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Stakeholders: We need biofuel policy

31st March 2012
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Jansen Shuma

Stakeholders in biofuels development in Tanzania have urged the government to speed up formulation of a sound policy and legal mechanism to foster investment in biofuels.

This was said recently in Dar es Salaam by a stakeholder identified as Jansen Shuma when explaining challenges and development of the sector.

He said in different areas where such investments have taken place, the people have already started experiencing environmental, economic and social effects due to inappropriate coordination of biofuels activities between relevant government departments, the investing firms and the absence of a policy to govern biofuel activities.

“Lack of national policy on biofuels development remains a major obstacle towards the realization of the huge potential of biofuel in the country, “he said.

Shuma who is renewable energy expert from Tanzania Tradition energy organization (TaTedo) noted that late last year the Ministry of Energy and Minerals and the Infosys of the Netherlands organised a key stakeholders meeting to develop biofuels policy.

The meeting brought together representatives from the government sectorial ministries, Civil Society Organisation (CSOs) and Academic Institutions.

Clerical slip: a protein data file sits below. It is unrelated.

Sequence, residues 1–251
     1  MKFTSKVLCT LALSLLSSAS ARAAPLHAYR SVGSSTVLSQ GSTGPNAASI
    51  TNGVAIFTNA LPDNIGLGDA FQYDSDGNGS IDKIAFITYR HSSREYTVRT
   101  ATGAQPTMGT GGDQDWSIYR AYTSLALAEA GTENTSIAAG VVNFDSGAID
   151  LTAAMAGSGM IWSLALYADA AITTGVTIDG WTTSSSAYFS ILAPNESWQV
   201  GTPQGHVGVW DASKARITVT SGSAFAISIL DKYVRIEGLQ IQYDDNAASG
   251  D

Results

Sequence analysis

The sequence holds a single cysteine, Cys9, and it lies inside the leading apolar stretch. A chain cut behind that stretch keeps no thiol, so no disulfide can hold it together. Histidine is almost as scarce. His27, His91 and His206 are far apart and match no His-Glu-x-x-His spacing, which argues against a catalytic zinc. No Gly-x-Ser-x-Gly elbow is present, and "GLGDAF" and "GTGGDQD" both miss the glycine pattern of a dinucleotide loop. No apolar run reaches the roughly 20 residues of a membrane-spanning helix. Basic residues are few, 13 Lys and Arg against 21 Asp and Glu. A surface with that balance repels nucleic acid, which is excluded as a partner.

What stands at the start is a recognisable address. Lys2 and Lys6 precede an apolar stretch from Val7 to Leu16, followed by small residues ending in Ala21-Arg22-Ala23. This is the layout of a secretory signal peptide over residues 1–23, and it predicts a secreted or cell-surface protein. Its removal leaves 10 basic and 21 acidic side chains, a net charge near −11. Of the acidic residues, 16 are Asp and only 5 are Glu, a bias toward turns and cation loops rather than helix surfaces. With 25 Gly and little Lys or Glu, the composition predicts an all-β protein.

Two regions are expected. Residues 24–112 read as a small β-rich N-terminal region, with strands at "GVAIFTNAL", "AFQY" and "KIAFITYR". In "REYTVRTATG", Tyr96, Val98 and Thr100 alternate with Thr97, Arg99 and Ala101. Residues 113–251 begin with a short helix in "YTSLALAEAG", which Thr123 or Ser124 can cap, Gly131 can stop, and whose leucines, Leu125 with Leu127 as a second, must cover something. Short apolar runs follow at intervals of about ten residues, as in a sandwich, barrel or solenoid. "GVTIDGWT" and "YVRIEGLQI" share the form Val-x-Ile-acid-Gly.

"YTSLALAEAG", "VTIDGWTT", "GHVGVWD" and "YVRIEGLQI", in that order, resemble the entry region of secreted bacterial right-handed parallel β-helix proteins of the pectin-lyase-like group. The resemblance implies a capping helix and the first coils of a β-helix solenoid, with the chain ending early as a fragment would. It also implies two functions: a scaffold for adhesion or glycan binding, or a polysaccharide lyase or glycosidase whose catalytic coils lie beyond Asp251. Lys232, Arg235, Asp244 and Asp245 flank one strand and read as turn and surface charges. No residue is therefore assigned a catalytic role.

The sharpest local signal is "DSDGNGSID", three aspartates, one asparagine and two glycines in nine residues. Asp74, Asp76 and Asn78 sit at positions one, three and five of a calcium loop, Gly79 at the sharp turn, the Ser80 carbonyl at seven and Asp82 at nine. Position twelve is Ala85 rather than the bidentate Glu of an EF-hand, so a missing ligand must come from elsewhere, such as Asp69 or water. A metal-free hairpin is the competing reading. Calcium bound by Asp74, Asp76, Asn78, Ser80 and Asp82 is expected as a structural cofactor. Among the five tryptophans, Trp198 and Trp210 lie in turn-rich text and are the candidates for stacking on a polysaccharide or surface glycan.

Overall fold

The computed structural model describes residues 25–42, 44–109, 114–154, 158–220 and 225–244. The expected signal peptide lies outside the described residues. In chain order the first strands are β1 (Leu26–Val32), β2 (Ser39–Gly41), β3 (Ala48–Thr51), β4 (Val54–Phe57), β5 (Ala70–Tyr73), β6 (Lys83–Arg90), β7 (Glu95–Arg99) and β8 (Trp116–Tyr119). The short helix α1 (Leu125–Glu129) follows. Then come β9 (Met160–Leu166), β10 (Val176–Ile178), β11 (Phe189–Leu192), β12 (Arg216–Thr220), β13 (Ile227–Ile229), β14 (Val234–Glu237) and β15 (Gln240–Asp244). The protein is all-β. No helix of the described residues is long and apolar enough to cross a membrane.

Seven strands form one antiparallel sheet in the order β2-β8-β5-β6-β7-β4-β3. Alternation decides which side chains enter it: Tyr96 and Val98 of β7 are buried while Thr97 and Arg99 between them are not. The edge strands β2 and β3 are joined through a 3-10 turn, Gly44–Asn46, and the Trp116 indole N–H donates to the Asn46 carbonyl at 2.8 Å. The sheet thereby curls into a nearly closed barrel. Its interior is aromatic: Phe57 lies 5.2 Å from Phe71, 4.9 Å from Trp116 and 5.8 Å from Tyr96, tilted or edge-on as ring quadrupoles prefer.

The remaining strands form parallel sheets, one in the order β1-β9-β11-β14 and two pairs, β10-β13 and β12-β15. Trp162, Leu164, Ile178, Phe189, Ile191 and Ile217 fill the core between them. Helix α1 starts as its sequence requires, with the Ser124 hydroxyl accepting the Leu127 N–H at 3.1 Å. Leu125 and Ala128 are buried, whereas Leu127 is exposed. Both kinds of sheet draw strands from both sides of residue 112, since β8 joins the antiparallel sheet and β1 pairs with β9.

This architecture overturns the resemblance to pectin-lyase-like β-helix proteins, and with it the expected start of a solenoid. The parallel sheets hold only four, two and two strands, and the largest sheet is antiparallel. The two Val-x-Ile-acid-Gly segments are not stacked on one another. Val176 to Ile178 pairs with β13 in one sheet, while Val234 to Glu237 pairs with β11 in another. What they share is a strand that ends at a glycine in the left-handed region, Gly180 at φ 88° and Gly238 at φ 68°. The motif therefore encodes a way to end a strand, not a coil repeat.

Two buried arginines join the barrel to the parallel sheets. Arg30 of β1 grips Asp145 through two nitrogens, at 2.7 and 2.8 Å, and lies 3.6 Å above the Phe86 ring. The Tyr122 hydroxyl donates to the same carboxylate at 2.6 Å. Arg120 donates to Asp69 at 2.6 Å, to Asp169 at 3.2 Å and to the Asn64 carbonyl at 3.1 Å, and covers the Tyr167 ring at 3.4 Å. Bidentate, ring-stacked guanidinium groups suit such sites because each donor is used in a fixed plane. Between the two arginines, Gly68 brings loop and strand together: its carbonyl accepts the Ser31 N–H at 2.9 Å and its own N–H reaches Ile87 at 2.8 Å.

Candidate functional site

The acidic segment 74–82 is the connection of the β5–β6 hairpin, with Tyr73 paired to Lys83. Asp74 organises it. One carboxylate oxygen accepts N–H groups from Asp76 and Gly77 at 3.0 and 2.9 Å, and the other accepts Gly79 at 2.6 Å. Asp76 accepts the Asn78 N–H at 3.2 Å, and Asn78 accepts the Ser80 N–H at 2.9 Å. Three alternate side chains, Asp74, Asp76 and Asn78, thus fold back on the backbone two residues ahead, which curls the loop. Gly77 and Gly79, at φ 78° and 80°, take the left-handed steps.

Specifically, members involved in the workshop came from the Ministry of Agriculture and Food Security, the Ministry of Energy and Minerals, the Ministry of Natural Resources and Tourism, Vice President Office (Department of Environment), Haki Ardhi, TaTEDO, Land Use Planning Dept., Sokoine University of Agriculture, University of Dar es Salaam.

The objective was to put in place a policy to support and regulate the development of a sustainable biofuel industry in Tanzania.

According to him specific objectives were to discuss pillars of the proposed biofuel policy, improve the policy formulations provided in the previous stakeholder meetings, recommend for possible policy objectives and processes which will develop the biofuel industry in Tanzania.

It was reported from the workshop that stakeholders found it difficult to operate in an environment where they were uncertain of the legal framework.

Although seven companies have invested in cultivation of biofuel plants such as jatropha, sugarcane, croton and palm oil, this happened when there guidelines on the investment.

The companies include Agro-Eco-Energy Tanzania ltd, Prokon, Africa Bioenergy, Felisa, Sun Biofuels, Diligent and Kakute.

He said many lessons were learnt through the workshop on biofuel policy in Tanzania, and are concerned with the future of the industry in Tanzania.

He pointed out many policy makers see the development of the bioofuel sector as involving mainly foreign investors.

He said serious efforts were needed to promote local initiatives and investors in the industry, saying this included developing internal market for the biofuel products rather than depending on biofuel investors and markets abroad.

SOURCE: THE GUARDIAN
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